Atta cephalotes carrying leaves, Ecuador
Molecular Phylogenetics and Evolution this morning has the first detailed molecular phylogeny of the leafcutting ant genus Atta.Â MaurÃcio Bacci et al sequenced several mitochondrial genes and the nuclear gene EF-1a from 13 of the 15 described species-level taxa, using them to infer the evolutionary history of the genus.
This is an important paper.Â
Atta is the classic leafcutter ant of the new world tropics and a model system for co-evolution among the ants, the fungi they cultivate, and a suite of microbes that either parasitize or protect the ant-fungus mutualism.Â These ants are also one of the most important agricultural pests in the Neotropics, capable of defoliating entire trees overnight. An understanding of the evolutionary history of this group will be very helpful in uncovering details about the nature of the ant-fungus relationship and the evolutionary factors that have shaped it.
I've reproduced a simplified version of the Bacci et al tree in the figure at left, stripping out the species-level detail to show only the subgenera, each of which comprises several species.Â The geography of the genus is represented by the color of the branches.
Two patterns jump out at me.Â First is the geography.Â The older lineages are northern and the younger ones southern, suggesting that Atta arose in Central America and speciated as it dispersed southward.Â Oddly, the highest diversity of Atta occurs at the southern part of its range, near Paraguay, as if the farther afield the ants travelled the more species they generated.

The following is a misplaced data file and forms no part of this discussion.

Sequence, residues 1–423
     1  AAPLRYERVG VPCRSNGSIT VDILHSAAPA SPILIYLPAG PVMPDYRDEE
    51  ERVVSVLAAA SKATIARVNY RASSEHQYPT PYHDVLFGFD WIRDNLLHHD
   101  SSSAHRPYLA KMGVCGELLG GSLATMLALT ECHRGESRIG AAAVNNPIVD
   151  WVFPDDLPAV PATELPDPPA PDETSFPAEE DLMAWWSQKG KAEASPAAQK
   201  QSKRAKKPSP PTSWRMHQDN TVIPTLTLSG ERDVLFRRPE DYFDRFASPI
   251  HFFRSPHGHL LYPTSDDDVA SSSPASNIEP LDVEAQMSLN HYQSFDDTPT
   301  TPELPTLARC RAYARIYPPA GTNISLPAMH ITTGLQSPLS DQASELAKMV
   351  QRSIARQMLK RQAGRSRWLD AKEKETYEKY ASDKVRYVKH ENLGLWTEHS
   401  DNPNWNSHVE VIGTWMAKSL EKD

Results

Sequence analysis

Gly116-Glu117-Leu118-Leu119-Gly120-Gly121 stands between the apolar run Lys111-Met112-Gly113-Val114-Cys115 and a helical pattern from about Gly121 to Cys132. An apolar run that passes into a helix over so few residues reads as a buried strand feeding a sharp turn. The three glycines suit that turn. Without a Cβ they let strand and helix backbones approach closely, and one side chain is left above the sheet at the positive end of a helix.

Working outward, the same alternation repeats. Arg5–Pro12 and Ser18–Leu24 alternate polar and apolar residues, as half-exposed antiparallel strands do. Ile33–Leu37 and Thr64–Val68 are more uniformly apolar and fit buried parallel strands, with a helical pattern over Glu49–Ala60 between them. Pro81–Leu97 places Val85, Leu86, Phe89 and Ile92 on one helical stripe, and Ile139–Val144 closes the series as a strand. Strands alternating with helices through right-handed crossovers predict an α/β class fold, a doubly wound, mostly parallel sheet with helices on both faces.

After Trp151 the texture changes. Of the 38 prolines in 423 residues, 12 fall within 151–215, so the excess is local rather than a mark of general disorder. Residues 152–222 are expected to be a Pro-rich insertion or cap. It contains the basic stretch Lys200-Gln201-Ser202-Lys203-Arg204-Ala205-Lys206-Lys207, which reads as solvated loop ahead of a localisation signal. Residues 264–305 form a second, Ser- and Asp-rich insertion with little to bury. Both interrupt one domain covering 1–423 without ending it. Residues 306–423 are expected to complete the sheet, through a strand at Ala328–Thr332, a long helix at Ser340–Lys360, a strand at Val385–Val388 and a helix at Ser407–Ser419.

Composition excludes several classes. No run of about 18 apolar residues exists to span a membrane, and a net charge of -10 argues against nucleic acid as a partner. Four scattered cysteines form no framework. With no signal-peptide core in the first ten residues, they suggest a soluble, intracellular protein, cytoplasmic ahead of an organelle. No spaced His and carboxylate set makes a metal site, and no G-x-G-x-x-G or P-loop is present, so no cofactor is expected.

Second, the molecules offer unambiguous support to classical taxonomy.Â Each of the subgenera named by various morphologists- Archeatta, Atta s. str., Epiatta, and Neoatta- emerge with strong support, with Archeatta as the oldest.
I can't leave any paper without a bit of criticism, and mine is this: for all the different genes representing this phylogeny, the total number of base pairs is just a hair above 1,000.Â That's not very many, and the results could be prone to statistical artifacts stemming from a small sample size.Â Nonetheless, support for the classical arrangement is high, suggesting that this tree is a good one and should hold up as more data are added.
source: Bacci, M. et al. 2008. Phylogeny of leafcutter ants in the genus Atta Fabricius (Formicidae: Attini) based on mitochondrial and nuclear DNA sequences.Â Molecular Phylogenetics and Evolution, online early, doi: 10.1016/j.ympev.2008.11.005.
Does the paper address the biogeographic result? More speciose younger taxa is counter to what would be expected, right? Are the southern ants spread out over a more diverse landscape?
Hi Jim. The paper does mention the biogeography, concluding that "the historical separation of South America from Central and North America has played a role in speciation within this genus."
As to the expectedness of more speciose younger taxa, I'd tend to agree, at least if one assumes a predictably even speciation rate across a tree. But we see violations of this all the time. The African rift lake cichlids, for instance.
The thing is, I don't think the southern habitats really are more diverse. The northern species Atta mexicana is found in Mexican lowland rainforest, as well as in dry Sonoran Desert (the only U.S. population is at Organ Pipe Nat'l Monument).